Adenosquamous carcinoma Adenocarcinoma Adenoid cystic carcinoma (Neuro) endocrine carcinomas Well-differentiated (carcinoid type) Moderately differentiated (neuroendocrine adenocarcinoma) Undifferentiated small cell type (oat cell type) Undifferentiated (large cell) carcinoma




Soft Tissue Tumors Benign Lipoma Hemangioma Leiomyoma Rhabdomyoma Granular cell tumor Neurofibroma Neurilemmoma (schwannoma) Paraganglioma Fibrous histiocytoma Others

Malignant Fibrosarcoma Synovial sarcoma Malignant schwannoma Malignant fibrous histiocytoma Kaposi's sarcoma Angiosarcoma Malignant hemangiopericytoma Liposarcoma Others

Tumors of Bone and Cartilage Benign Chondroma Giant cell tumour Others Malignant Chondrosarcoma Osteosarcoma Others Pseudoepitheliomatous hyperplasia Verruca vulgaris Epithelial abnormalities Keratosis/hyperplasia Dysplasia Oncocytic metaplasia and hyperplasia Cysts Laryngocele Ductal cysts REFERENCES 1. Negus, V. E. Comments on the term epipharynx. J. Laryngol. Otol. 75: 828-832 (1961). 2. Heffner, D. K. Histopathologic classification of human sinonasal tumors. In: Comparative Nasal Cavity Tumors in Animals and Man (G. Resnik and S. F. Stinson, Eds.), Vol. II, CRC Press, Boca Raton, FL, 1983, pp. 1-31. 3. Shanmugaratnam, K. Histological typing of upper respiratory tract tumors. International Histological Classification of Tumors, No. 19, World Health Organization, Geneva, 1978. 4. Ellis, G. L. Langloss, J. M., Hyams, V., and Heffner, D. K. Spindle cell carcinoma of the aerodigestive tract: an immunohistochemical analysis of 21 cases. Am. J. Surg. Pathol. 11: 335-342 (1987). 5. Heffner, D. K. Hyams, V. J., Hauck, K. W., and Lingeman, C. Lowgrade adenocarcinoma of the nasal cavity and paranasal sinuses. Cancer 50: 312-322 (1982). 6. Klintenberg, C., Olofsson, J., Hellquist, H., and Sokjer, H. Adenocarcinoma of the ethmoid sinuses: a review of 28 cases with special reference to wood dust exposure. Cancer 54: 482-488 (1984). 7. Gnepp, D. R., Ferlito, A., and Hyams, V. Primary anaplastic small cell (oat cell) carcinoma of the larynx: review of the literature and report of 18 cases. Cancer 51: 1731-1745 (1983).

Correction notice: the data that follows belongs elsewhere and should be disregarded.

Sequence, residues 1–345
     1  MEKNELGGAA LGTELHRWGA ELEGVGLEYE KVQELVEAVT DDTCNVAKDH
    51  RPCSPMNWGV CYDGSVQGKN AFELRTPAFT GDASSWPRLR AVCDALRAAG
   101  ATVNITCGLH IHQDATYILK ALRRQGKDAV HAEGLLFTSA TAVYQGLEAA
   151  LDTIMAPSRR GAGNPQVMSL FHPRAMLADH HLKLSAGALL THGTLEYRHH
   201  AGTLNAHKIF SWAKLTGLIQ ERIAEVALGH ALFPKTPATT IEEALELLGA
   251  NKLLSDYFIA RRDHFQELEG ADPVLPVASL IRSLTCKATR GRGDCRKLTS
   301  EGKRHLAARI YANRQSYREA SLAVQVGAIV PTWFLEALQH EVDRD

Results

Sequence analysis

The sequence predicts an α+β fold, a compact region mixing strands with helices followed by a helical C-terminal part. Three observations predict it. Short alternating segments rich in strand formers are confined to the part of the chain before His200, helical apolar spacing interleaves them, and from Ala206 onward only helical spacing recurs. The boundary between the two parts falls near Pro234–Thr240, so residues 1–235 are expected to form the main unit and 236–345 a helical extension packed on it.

Intubation granuloma/contact ulcer Vocal cord polyps Fibrous Vascular Hyalinized/fibrinous Myxoid Amyloid deposits Infective granulomas Plasma cell granuloma Wegener's granulomatosis Tracheopathia osteochondroplastica Fibroinflammatory pseudotumours Ectopic thyroid tissue Lipoid proteinosis Hamartoma